My school has students who range in age from preschool to the 12th grade.  The different age groups share the campus and its buildings easily; groups of students move among one another frequently.  In many instances, the students I teach have been at the school for years and I've had the opportunity to watch them grow up.  But it's more than that.  One of the things I enjoy most about my days here is that I can be in class with my teenage students while outside, as we're in our seats considering the boundaries of order and liberty (or whatever), we can hear the laughter and enthusiasm of much smaller children going about their day.  Those moments are a reminder that life is about more than exams and grades and college.  I always welcome them.

On Friday, there was an assembly for the upper school.   The assembly happened in the hour before lunch; the room where we met was excessively warm.  By the time the students were streaming outside to head to lunch, they had some energy to expend.   Outside was crisply cold and snow was falling.  As the upper schoolers briskly walked across the quad headed to lunch, middle schoolers were also crossing the area, headed from the music building back into the larger school building. 

The snow was really quite lovely and, in that moment, a lot of it was falling.  Earlier in the week, we had hoped for a snow day on Friday, but we'd received only a dusting overnight.  And this lush snow, falling at mid-day on a Friday, was not expected to last.  It wasn't going to earn us a snow day either.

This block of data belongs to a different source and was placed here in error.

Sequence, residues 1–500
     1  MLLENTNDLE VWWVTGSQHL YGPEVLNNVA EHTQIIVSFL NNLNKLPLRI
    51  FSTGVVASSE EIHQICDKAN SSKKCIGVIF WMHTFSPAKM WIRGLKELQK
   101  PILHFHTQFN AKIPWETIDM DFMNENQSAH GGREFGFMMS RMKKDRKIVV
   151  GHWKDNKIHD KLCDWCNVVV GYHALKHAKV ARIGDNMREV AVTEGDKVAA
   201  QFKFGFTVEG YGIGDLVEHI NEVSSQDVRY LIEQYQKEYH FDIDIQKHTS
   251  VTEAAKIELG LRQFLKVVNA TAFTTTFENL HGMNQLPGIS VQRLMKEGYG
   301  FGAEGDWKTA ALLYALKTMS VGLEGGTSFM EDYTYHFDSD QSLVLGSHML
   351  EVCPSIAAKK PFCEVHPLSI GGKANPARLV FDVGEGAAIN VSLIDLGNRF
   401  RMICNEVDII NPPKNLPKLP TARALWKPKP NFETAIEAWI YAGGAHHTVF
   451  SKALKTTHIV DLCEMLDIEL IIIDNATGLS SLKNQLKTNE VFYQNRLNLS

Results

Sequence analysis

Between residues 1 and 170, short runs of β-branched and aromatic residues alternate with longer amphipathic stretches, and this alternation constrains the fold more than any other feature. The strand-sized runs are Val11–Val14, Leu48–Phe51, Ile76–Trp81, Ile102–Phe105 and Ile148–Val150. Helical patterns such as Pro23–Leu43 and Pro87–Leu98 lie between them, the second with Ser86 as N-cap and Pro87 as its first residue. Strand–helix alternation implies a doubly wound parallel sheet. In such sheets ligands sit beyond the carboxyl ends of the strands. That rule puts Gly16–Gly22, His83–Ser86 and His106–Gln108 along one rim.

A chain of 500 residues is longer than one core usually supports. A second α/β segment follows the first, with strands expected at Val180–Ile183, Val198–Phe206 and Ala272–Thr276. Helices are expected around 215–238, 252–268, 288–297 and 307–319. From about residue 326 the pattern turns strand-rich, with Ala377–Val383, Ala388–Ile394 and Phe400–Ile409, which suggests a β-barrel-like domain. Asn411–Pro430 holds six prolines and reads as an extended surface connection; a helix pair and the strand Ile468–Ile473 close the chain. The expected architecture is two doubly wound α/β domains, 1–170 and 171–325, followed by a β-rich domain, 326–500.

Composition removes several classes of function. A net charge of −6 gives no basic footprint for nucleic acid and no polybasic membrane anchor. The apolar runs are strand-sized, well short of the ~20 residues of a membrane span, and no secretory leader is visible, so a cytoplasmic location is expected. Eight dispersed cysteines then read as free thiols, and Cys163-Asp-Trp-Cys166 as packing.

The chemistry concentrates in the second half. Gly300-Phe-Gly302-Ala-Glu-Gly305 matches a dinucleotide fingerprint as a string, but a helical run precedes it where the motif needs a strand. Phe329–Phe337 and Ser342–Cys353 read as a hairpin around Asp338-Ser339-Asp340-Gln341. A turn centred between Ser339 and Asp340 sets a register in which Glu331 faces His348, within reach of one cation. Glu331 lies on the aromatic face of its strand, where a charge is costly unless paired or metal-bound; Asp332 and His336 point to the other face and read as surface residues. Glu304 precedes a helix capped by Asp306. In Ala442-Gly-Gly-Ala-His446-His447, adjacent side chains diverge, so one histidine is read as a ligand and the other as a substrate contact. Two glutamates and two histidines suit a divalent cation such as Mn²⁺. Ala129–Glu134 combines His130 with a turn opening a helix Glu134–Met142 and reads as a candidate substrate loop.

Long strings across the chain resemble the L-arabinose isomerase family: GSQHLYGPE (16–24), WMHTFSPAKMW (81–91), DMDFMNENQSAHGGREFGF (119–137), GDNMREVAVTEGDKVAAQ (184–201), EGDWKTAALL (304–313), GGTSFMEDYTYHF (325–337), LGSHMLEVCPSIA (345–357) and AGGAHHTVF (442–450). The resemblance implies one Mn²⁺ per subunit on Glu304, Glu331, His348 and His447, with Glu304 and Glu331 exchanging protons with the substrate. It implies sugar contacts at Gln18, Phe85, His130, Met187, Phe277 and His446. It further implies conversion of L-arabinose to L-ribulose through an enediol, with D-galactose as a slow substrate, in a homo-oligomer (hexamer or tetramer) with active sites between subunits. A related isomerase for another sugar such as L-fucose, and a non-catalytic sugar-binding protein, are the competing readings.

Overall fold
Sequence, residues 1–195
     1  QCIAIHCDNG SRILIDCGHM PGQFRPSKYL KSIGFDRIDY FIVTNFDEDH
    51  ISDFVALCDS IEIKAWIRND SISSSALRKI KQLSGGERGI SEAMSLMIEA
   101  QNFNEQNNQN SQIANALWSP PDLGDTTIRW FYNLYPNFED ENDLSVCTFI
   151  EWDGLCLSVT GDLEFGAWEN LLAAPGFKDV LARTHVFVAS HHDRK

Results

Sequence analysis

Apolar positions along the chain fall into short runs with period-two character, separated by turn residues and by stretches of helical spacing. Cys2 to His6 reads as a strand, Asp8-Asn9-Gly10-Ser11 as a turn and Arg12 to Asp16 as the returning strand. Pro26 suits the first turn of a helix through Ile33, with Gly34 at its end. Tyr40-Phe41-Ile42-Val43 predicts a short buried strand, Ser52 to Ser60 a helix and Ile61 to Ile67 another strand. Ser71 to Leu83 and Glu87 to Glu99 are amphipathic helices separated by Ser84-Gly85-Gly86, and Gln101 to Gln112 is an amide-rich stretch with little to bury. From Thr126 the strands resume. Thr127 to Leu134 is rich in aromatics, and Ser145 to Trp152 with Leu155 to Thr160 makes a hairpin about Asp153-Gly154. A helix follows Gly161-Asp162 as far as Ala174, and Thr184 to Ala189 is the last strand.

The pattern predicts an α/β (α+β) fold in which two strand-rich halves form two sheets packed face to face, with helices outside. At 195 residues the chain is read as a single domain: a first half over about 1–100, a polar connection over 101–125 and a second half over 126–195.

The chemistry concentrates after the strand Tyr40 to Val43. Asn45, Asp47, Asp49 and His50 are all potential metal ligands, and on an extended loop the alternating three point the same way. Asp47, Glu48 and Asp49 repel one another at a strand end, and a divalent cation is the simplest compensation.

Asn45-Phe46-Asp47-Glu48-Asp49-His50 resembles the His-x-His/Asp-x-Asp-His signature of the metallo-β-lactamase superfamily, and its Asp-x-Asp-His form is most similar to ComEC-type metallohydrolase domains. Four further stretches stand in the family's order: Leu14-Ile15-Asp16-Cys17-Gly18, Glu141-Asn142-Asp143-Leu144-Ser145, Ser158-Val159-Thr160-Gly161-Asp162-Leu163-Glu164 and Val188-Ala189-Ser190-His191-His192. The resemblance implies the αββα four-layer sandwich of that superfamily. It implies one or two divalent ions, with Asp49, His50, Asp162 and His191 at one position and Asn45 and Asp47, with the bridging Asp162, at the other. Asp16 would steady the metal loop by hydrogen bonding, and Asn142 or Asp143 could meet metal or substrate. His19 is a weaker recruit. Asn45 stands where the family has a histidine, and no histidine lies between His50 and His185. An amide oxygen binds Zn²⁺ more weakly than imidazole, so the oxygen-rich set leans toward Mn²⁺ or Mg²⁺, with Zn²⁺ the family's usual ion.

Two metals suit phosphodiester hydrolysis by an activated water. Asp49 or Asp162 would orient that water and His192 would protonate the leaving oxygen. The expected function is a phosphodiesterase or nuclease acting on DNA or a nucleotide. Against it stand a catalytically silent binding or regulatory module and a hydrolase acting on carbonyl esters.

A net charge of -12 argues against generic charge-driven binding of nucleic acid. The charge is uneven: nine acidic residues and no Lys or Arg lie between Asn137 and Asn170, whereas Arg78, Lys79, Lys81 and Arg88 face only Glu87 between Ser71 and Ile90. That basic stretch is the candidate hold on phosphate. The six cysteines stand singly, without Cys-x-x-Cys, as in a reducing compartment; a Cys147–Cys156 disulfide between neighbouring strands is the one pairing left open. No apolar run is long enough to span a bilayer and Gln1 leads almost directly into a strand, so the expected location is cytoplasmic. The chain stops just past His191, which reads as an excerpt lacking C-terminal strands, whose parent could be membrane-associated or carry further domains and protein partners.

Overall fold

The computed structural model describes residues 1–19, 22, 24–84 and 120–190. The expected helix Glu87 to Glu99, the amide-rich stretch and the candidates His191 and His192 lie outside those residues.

Nevertheless, it was beautiful outside and we were (temporarily) free from responsibilities; a little enthusiasm for life was warranted.

Upper School Student X (shouted):  It's a Christmas miracle!

The response to this declaration was immediate, delivered in a perfect stoic tone by a middle schooler headed in the other direction.

Middle School Student Y:  Not much of a miracle.  We're still in school.

At this point, we all burst into laughter.  And I was especially cheered by the thought of this middle schooler, with a funny line and perfect timing, is soon to appear in an upper school classroom near me.

Wednesday, January 06, 2010

Tap, Tap, Tap

I used to believe that my home maintenance vigilance was a function of the fact that I live in an old home.  These days, I realize that a certain household wariness is simply part of the home ownership bargain.  In my neck of the woods, the most common problems are those related to precipitation, both indoors and out.

I've experienced basement flooding in the past and I'm always wary of excessive water.  I keep my outdoor gutters cleared of leaves; I keep watch for the prospects of ice.  When it rains, I check the basement.  On top of that, my home has old-fashioned radiators and a steam heat furnace.  Steam heat running through pipes has a tendency to clink and clank, and I always have an ear tuned to sounds that signal danger.  Last winter, after my furnace received a tune-up, I needed to bleed the upstairs radiators (to remove air trapped in the pipes) and then adjust the pressure.  I discovered this after I awoke one morning to the steady sound of dripping water from the radiator in my bedroom.  Standing water is never desirable in your home, especially on the second floor.